Rheumatoid Arthritis: Background Info Flashcards Preview

AOTA PDFs: Muscoloskeletal Impairments > Rheumatoid Arthritis: Background Info > Flashcards

Flashcards in Rheumatoid Arthritis: Background Info Deck (18)
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RA is a progressive ______ (inflammation of the synovial membrane) of the ______ joints that can lead to destruction of ligament, tendon, cartilage, and bone.
Uneven distribution of biomechanical forces on weakened
ligaments and tendons can lead to permanent deformities of the joint



Joint swelling from excessive ___ combined with enlargement of the synovium and thickening of the joint capsule leads to weakened joint capsules and distended tendons and ligaments.

synovial fluid


With symmetric polyarticular presentation of RA, what are the most commonly affected joints?

PIP, MCP, All thumb joints, wrist, elbow, ankle, metatarsophalangeal. temporamandibular, hips, knees, shoulder, and cervical spine


Common symptoms of RA include:

pain, redness, warmth, tenderness, morning stiffness, ROM limitations, muscle weakness, weight loss, malaise, fatigue, and depression


In RA, a systemic disease, some secondary extra-articular complications, may occur in which body systems?

cardiovascular, ocular, respiratory, gastrointestinal, renal, and neurological


Boutonniere deformity:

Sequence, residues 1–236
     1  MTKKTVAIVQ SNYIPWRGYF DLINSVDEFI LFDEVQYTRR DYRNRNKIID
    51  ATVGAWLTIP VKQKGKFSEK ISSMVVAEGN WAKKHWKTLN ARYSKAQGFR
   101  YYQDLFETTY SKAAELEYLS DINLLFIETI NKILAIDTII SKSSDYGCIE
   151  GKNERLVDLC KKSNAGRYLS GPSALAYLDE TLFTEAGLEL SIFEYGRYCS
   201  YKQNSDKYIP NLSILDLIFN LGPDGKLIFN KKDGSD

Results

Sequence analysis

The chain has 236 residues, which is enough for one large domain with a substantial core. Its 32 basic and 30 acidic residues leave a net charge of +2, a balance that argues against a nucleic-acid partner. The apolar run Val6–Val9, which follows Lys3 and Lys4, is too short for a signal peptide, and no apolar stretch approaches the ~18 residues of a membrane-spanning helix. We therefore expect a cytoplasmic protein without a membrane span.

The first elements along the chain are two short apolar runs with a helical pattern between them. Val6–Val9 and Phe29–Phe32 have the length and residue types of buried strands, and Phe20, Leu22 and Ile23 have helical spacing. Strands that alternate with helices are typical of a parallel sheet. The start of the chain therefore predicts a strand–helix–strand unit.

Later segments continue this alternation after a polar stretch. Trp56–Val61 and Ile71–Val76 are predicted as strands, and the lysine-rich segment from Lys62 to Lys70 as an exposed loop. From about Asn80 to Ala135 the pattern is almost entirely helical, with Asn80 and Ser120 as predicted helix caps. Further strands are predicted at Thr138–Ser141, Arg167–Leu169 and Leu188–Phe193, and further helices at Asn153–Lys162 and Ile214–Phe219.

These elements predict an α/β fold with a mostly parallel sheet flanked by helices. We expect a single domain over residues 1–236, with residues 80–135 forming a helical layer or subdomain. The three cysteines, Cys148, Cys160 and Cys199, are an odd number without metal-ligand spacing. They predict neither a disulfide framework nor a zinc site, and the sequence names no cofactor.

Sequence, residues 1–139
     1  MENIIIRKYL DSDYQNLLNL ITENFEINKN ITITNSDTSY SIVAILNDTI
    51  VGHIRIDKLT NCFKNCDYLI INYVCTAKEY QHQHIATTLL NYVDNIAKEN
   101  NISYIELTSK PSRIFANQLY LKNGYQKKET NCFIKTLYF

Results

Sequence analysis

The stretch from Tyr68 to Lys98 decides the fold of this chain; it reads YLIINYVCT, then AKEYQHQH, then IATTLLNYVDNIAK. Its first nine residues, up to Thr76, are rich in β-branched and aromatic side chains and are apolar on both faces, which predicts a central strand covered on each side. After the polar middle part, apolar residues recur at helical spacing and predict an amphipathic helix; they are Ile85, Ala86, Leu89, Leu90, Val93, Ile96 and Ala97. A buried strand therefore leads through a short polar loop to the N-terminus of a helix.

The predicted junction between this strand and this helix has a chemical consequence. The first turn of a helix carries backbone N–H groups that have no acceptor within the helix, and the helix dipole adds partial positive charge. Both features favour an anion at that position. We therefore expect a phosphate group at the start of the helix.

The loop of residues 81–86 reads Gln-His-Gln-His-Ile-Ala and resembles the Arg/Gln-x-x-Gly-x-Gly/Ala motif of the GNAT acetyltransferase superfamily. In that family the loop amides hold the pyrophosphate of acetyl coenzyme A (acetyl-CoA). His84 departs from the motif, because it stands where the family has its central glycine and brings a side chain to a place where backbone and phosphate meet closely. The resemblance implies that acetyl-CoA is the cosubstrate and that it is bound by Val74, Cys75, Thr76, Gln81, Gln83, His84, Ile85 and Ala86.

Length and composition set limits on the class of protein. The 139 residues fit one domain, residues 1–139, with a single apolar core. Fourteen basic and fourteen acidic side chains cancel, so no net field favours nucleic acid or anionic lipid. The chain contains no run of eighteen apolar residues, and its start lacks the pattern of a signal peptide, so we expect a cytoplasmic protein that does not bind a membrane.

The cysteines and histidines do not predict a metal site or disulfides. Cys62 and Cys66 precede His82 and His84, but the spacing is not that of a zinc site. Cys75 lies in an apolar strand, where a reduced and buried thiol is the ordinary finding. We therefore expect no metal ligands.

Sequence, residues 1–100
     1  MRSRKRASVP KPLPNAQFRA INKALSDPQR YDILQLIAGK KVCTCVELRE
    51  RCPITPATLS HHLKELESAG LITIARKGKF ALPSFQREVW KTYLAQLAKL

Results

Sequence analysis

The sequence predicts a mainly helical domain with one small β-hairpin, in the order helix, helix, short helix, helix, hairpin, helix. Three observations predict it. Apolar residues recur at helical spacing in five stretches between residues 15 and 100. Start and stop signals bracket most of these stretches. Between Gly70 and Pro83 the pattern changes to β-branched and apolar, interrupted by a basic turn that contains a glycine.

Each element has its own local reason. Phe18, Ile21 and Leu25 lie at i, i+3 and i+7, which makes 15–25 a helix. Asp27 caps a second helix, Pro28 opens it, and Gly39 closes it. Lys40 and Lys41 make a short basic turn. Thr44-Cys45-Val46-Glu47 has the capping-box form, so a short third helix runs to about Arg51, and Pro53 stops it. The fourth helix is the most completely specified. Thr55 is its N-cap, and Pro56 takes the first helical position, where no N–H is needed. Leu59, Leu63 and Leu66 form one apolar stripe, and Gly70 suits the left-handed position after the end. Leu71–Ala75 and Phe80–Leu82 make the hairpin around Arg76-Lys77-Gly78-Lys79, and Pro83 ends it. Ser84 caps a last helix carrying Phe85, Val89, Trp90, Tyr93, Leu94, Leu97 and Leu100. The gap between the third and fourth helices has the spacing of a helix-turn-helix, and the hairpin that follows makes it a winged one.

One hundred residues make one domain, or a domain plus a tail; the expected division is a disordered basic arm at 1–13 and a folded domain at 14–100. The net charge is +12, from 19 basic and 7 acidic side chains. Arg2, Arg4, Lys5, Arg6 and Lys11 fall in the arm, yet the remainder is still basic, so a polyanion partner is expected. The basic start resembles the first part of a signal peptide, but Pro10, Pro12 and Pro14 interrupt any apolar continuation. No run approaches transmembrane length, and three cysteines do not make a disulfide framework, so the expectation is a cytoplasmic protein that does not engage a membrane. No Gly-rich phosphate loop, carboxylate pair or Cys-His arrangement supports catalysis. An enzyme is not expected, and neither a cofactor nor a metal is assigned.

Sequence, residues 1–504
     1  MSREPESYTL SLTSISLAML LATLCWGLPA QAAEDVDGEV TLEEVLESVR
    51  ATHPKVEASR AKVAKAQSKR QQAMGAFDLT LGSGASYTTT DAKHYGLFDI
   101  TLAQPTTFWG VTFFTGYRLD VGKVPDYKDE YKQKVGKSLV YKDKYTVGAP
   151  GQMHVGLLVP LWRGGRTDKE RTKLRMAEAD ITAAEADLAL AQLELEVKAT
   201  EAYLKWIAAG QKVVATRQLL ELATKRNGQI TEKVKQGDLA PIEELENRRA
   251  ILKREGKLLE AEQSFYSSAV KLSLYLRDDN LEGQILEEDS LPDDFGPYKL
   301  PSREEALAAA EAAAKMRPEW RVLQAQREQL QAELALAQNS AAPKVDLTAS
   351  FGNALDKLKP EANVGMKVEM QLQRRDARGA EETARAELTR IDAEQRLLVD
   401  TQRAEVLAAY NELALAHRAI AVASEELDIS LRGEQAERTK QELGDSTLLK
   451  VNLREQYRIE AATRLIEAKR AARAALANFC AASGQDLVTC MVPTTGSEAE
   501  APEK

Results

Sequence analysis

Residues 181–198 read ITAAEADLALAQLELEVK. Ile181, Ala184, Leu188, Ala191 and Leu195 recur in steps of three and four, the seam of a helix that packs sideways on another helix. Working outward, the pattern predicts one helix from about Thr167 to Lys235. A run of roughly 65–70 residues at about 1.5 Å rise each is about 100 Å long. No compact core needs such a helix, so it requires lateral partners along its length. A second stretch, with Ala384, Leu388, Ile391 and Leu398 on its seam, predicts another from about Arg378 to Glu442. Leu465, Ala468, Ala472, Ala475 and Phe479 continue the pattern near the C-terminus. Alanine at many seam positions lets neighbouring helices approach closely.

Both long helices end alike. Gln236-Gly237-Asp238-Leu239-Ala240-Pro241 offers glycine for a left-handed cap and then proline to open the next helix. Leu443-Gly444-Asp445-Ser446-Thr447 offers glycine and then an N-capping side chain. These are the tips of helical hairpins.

flexion of the PIP joint and hyperextension of the DIP joint


Swan neck deformity:

hyperextension of the PIP joint and flexion of the DIP joint


Mallet finger:

flexion of the DIP joint


4. Ulnar drift:

radial deviation of the wrist and ulnar deviation of the MCP joints (sometimes called a
zigzag deformity)


Mutilans deformity:

characterized by very floppy joints with shortened bones and redundant skin; caused by reabsorption of bone ends; most common in the MCP, PIP, radiocarpal, or radioulnar


Acute phase of RA:


pain and tenderness at rest that increases with movement; limited ROM; overall stiffness; gel phenomenon (inability to move joints after rest); weakness; tingling or numbness; hot, red joints;
cold, sweaty hands; low endurance; weight loss or decreased appetite; fever


Subacute phase of RA

reduced pain and tenderness; morning stiffness; limited movement; tingling or numbness; pink, warm joints; low endurance; weakness; gel phenomenon; weight loss or decreased appetite; mild fever


Chronic–active phase of RA

low-grade inflammation, decreased ROM, less tingling, pain and tenderness primarily with movement, low endurance


Chronic–inactive phase of RA

No signs of inflammation, low endurance, pain from stiffness and weakened
joints, morning stiffness primarily related to disuse, limited ROM, weakness and muscle atrophy,


Stage I RA

no destructive changes on X ray; possible presence of osteoporosis


Stage II RA

radiographic evidence of osteoporosis; possible slight subchondral bone destruction and possible presence of slight cartilage destruction; no joint deformity (possible limited ROM); adjacent muscle atrophy; possible presence of extra-articular soft-tissue lesions


Stage III RA

Severe: radiographic evidence of osteoporosis; cartilage and bone destruction; joint deformity; extensive muscle atrophy; possible presence of extra-articular soft-tissue lesions


Stage IV RA

terminal: fibrous or bony ankylosis in addition to Stage III